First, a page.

Aging means a deterioration in the body and an increased likelihood of breakdown and disease. Scientists who study aging are keen to discover the driving forces that cause it, but they often seem to be unable to distinguish between aging in itself and poor health, especially when studying human beings. I believe that much of aging is just poor health habits.
Is gaining fat, losing muscle, or developing insulin resistance and diabetes a normal part of aging?
Obviously, virtually all living things age and die. (“Virtually” because a few living things appear not to age at all.) While aging is a natural process, so infectious and genetic diseases are natural processes too, and we’ve largely discovered how to deal with the first, and are working on the second. There’s no reason that aging can’t be delayed or even abolished; it’s not necessarily inevitable.
Some manifestations of aging are visible, such as grey hair and wrinkled skin, and don’t seem obviously related to lifestyle or health habits, so far as we know. Dysfunction on the cellular level is not visible, but it takes place in aging.
Scientists often consider that in humans, aging causes obesity, muscle loss, and diabetes. For example, “studies have shown that insulin resistance increases with age, independent of changes in total adiposity.” Yet the same study concluded its results by saying, “These results suggest that insulin resistance is more closely associated with abdominal adiposity than with age.”
Similarly, sarcopenia, or loss of muscle, is considered a part of aging. Yet exercise, especially resistance training, and higher dietary protein, robustly fight the loss of muscle, so sarcopenia can’t be entirely due to aging.
Fasting, calorie restriction, and aging
Valter Longo, the well-known USC scientist who has studied intermittent and prolonged fasting and their effects on aging, believes that fasting has been shown to have profound effects on aging. Yet, as I pointed out, his studies in humans leave something to be desired, since most of the people in his studies were overweight and/or sedentary. We don’t know how much of the benefits of fasting seen in these people are due to fighting aging or are due simply to better health.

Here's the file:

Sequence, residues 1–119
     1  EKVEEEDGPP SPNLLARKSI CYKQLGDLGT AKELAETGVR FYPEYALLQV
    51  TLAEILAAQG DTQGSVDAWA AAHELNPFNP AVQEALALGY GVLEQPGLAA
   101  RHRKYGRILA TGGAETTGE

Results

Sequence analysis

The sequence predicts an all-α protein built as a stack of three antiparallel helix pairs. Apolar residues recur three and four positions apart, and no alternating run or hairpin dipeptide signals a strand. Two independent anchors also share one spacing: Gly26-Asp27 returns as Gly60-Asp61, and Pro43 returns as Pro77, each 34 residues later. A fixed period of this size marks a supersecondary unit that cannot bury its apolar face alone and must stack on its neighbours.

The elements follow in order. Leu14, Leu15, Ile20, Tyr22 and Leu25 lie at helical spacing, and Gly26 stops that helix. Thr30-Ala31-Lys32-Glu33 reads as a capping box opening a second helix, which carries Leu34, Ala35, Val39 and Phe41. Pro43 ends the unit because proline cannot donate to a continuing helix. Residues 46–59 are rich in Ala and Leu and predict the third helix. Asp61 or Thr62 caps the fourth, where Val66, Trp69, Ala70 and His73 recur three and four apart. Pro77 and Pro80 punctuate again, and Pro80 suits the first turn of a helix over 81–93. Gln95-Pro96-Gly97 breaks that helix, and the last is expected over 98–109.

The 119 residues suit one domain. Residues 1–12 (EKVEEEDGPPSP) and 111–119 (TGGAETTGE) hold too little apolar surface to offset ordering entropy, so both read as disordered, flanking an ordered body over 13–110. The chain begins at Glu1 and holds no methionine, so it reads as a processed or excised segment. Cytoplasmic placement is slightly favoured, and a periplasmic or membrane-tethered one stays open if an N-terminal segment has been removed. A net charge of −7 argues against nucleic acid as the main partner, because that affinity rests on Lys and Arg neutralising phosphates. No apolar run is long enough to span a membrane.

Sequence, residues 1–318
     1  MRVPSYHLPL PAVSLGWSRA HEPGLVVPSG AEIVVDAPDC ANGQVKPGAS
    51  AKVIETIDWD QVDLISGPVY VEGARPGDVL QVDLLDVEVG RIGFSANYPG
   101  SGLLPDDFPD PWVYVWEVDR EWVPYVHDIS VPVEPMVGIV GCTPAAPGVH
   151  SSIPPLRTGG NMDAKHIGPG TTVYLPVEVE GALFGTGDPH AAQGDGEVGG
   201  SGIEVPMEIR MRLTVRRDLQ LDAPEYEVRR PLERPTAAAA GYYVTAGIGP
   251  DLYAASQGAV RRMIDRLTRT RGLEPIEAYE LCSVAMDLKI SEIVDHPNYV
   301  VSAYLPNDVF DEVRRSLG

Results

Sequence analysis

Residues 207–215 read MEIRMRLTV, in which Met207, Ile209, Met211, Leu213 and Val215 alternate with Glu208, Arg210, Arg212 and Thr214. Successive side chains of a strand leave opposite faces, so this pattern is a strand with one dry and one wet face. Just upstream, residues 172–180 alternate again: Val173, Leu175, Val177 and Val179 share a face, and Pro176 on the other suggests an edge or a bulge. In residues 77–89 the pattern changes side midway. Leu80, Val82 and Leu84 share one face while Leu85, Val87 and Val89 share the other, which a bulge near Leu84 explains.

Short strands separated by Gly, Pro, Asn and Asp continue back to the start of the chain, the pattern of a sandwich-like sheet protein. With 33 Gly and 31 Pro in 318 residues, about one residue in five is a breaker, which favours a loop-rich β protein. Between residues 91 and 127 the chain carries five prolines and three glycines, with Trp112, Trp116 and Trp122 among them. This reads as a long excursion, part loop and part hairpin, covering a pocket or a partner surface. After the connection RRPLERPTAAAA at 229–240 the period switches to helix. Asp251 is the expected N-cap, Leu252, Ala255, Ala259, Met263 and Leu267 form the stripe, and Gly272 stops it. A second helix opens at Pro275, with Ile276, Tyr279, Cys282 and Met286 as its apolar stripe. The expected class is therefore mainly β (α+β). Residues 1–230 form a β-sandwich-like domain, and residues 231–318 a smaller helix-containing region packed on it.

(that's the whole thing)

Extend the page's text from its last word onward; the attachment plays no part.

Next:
Similarly, domestic lab animals have a tendency towards obesity, since they eat highly refined, processed food and are confined to cages. In calorie-restriction studies on these animals, much of the benefits to their health may be due merely to preventing them from becoming obese, and not due to a true anti-aging effect.
Scientists consider metformin, the most-prescribed anti-diabetes drug, and rapamycin, an immunosuppressant, to be the best leading candidates for drugs that will actually slow, prevent, or even reverse aging. A clinical trial (a trial using humans) of metformin to see its effects on aging is currently underway.
Yet the participants in this trial are “older adults with impaired glucose tolerance”; that is, these people are pre-diabetic.
We know that type 2 diabetes is caused by, or closely associated with, obesity, dietary sugar and refined carbohydrates, and a lack of exercise.
How many of the participants in the metformin clinical trial are obese and/or eat lots of garbage food and don’t exercise? My guess is a very large fraction of them.
Metformin is effective at treating diabetics; it decreases blood sugar and insulin. But if metformin helps the people in the clinical trial, it won’t tell us anything about aging. They’re not healthy, and nothing leads us to think that their ill health is caused by aging rather than bad food, obesity, and lack of exercise.
Metformin may not help people who are lean and healthy and eat good food.
The only way we know if an anti-aging treatment works is if it helps people already healthy.
Everyone is fat
Some 70% of the American people are overweight or obese, although I’ve argued that the figure is closer to 80% when body fat is taken into account. Excess body fat accelerates aging. So does muscle loss.
The causes of this sad state of affairs are many. One is that people don’t know what to do, and if they go to a doctor to ask, he or she doesn’t know either. “Eat less and move more” is terrible advice for many reasons, but seems to be about the only piece of doctors give. Another reason is that even when doctors know, most people won’t do much about it. It’s too hard to give up sugar, much less lift weights.
Whatever the causes, aging isn’t synonymous with obesity, diabetes, and sarcopenia.
Scientists confuse aging with poor health. They overlap but aren’t the same. Until anti-aging treatments extend the lives of healthy animals and humans, we don’t know if they truly work.